Ibrahima Ndaw JavaScript enthusiast, full-stack developer, and blogger who also dabbles in UI/UX design.

Faster than webpack: JavaScript bundling with esbuild

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Fast JavaScript Bundling With esbuild

Modular programming is a software design technique whereby a program’s various functions are subdivided into code modules that are developed separately. Modern programming relies heavily on modularity, which is why you need a module bundler to merge all separate files into a single one.

There are a few bundlers available in the JavaScript community, such as WebPack, Rollup, and Parcel. However, these are not fast enough because they are built with JavaScript, which, as well all know, leaves much to be desired in terms of performance. Fortunately, there is a new bundler built with Go that works faster than other bundlers.

In this guide, we’ll explore esbuild, a JavaScript bundler and minifier that packages JS code for distribution on the web. We’ll examine how it’s able to work so fast and discuss why you should keep an eye on this tool in 2020 and beyond.

What is esbuild, and why is it so fast?

esbuild is a JavaScript bundler created by Evan Wallace. The code itself is written in Go with speed in mind, and it’s clear that the developer endeavored to avoid unnecessary allocations as much as possible.

Comparing esbuild to other bundlers (Benchmark)

esbuild fully parallelizes parsing, printing, and source map generation. All these features combine to make esbuild extremely fast. That said, to help you choose the best bundler for your next JavaScript project, let’s compare esbuild to other tools on the market.

To benchmark these bundlers, I’ll use the same criteria Wallace published to his GitHub repo. These figures may vary somewhat depending on the computer, but not by much.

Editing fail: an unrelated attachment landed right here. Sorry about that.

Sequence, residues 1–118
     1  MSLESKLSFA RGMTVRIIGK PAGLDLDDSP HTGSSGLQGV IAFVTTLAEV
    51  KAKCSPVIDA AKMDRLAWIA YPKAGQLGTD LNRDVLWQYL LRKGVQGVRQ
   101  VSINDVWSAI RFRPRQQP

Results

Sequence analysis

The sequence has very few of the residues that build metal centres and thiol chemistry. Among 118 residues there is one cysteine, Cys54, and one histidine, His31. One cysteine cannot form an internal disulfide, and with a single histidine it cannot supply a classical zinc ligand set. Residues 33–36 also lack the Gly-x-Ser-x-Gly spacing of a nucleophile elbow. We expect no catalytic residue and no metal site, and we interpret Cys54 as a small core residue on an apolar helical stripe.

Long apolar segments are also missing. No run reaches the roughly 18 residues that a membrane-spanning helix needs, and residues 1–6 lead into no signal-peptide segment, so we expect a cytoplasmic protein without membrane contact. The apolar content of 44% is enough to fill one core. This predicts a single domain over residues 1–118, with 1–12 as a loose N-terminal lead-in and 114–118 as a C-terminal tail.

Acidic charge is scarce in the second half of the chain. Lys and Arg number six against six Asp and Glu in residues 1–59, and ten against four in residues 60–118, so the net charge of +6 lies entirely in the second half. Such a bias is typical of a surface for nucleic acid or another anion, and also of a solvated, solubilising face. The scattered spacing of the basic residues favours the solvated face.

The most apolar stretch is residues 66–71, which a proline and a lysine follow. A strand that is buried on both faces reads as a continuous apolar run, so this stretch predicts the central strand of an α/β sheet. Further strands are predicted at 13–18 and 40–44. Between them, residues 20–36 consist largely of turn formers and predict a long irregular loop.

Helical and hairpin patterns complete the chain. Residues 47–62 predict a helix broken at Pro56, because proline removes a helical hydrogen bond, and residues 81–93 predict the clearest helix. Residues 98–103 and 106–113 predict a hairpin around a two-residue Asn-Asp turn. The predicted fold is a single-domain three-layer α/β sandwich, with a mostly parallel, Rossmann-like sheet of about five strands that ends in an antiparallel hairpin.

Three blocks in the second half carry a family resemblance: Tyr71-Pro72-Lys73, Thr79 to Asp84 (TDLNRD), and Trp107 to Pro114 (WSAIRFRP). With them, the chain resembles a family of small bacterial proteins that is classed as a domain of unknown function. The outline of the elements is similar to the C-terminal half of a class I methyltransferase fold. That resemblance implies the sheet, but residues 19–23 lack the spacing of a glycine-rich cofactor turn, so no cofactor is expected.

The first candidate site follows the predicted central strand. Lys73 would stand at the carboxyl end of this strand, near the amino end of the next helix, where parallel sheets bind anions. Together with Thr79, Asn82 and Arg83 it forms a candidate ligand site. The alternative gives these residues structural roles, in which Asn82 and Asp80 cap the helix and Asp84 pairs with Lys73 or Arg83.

The use case here is to duplicate the Three.js library 10 times and bundle it into one single file without any caches. The tests were done on a six-core 2019 MacBook Pro with 16gb of RAM.

Benchmark Comparison of JavaScript Bundlers

The result of the benchmarking is mind-blowing: esbuild is 10 to 100 times faster than other bundlers, thanks to the Go language.

By the way, you can run this benchmark on your machine and see it for yourself. Install the Go language toolchain and run the following command:

make bench-three

Is esbuild production-ready?

There’s no disputing this bundler’s speed. But is it production-ready?

For now, esbuild is a small open-source project; it’s developed and maintained by one man. This is largely by design. Per the author: “I don’t personally want to run a large open-source project, so I’m not looking for contributions at this time.”

Although this will inevitably slow the development of the tool, it’s already a great bundler with robust support for common JS modules, JSX-to-JavaScript conversion, etc. However, it has yet to be used in production; doing so right now would be risky and would likely unearth some bugs.

That said, esbuild has tremendous potential to streamline the traditionally sluggish task of bundling modules in JavaScript, and it’s worth trying out in your next project.


If nothing else, esbuild is proof that our current JavaScript build tools are not fast enough. Given that the gap between esbuild and other bundlers is so wide in terms of performance, I hope this tool will help improve build tools in general across the JS ecosystem.

Even if esbuild is not yet production-ready, it’s something to keep an eye on. I highly recommend checking out the Github repo to dive deeper into the documentation.

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Ibrahima Ndaw JavaScript enthusiast, full-stack developer, and blogger who also dabbles in UI/UX design.

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